Tree Talk: Evergreens showing stress
Browning spruce trees are a very common sight this season throughout the state.
Many people are noticing browning needles and dieback on their spruce and other evergreen trees, including arborvitae and junipers. These trees are not as drought tolerant as one might think, especially in our heavy clay-based soils. We first saw signs of declining evergreens after the warm, dry winter of 2011-12, and then the 2012 growing season continued with drought-like conditions.
These stressed trees were further strained throughout the summer and are now showing signs of decline and dieback. The rain and moisture we are receiving now is good news for healthy-looking trees. If we go back to dry conditions this summer, supplemental watering will be recommended when possible.
Evergreens were not the only trees showing decline due to past drought conditions. Maples have been hit hard as well. Dieback from the top down has been significant in many maples, especially in hybrids, such as autumn blaze maple. Trimming the dead parts out of the tree or removal of the tree are the only recommended treatments.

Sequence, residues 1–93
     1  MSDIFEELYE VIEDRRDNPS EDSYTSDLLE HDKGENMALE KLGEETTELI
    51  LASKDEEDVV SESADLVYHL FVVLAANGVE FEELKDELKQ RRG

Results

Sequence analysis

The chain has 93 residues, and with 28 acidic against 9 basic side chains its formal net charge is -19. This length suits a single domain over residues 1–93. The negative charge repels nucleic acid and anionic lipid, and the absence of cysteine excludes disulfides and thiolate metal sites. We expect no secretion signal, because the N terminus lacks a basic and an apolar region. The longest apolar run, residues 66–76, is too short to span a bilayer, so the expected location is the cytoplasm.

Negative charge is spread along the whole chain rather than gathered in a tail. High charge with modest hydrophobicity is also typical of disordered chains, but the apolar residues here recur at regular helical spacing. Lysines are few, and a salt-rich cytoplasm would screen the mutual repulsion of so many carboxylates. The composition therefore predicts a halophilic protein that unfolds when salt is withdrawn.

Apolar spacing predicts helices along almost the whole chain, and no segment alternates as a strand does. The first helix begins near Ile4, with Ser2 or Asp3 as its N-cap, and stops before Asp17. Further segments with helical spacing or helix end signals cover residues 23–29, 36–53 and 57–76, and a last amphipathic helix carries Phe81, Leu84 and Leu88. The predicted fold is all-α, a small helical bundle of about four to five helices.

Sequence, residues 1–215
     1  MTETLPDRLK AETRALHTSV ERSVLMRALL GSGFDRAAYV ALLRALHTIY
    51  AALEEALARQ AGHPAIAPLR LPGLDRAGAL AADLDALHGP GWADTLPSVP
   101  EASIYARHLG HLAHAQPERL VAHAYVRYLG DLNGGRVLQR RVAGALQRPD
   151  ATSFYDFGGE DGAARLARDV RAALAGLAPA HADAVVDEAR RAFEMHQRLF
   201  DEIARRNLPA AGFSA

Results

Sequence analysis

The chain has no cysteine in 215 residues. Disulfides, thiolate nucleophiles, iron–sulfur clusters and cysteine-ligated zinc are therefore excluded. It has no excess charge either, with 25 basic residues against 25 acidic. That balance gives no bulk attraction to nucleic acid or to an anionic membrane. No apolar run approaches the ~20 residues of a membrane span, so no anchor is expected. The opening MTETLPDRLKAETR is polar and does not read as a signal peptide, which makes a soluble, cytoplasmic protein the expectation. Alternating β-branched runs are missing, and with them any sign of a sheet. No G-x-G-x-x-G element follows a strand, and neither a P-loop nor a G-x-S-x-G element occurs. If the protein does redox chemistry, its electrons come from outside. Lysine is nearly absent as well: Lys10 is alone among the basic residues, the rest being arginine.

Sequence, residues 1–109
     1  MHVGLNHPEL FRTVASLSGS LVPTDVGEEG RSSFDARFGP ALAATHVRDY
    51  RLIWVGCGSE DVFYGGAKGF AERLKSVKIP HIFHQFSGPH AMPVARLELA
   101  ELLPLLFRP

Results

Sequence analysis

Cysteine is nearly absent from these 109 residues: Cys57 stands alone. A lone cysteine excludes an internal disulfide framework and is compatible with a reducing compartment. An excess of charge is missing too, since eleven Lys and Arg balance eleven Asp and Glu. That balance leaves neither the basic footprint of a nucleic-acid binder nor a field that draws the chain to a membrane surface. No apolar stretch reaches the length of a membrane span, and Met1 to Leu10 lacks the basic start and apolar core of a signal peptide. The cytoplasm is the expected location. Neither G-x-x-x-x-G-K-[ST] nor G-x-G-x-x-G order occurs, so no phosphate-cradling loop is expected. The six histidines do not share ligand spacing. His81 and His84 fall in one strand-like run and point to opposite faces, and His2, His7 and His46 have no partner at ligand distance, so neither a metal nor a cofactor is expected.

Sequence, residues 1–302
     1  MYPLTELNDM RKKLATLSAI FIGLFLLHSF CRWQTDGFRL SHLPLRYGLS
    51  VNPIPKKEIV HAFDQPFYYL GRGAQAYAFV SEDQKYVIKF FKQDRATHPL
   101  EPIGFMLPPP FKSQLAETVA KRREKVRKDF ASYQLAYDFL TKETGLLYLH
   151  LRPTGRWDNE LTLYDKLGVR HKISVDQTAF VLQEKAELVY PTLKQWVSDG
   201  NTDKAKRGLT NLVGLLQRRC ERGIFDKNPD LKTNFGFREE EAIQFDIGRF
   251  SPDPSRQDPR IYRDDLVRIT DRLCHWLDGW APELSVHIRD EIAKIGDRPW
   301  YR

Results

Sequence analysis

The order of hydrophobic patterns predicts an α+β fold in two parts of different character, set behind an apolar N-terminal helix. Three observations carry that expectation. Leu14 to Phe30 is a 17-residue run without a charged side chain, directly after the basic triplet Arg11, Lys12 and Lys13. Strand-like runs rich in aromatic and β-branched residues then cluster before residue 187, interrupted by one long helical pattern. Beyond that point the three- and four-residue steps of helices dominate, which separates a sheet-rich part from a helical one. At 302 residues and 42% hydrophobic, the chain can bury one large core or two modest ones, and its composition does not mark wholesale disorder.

For those of you who have hackberry trees, they are suffering from leaf tatter this spring, which gives their leaves a tattered, sickly appearance. These leaves were most likely damaged in the bud stage by a late spring frost. The trees should recover throughout the summer with no ill long-term effects.
Please contact me for additional information or questions at firstname.lastname@example.org or 605-626-7015.
Aaron Kiesz is the city forester for the city of Aberdeen Parks, Recreation and Forestry Department.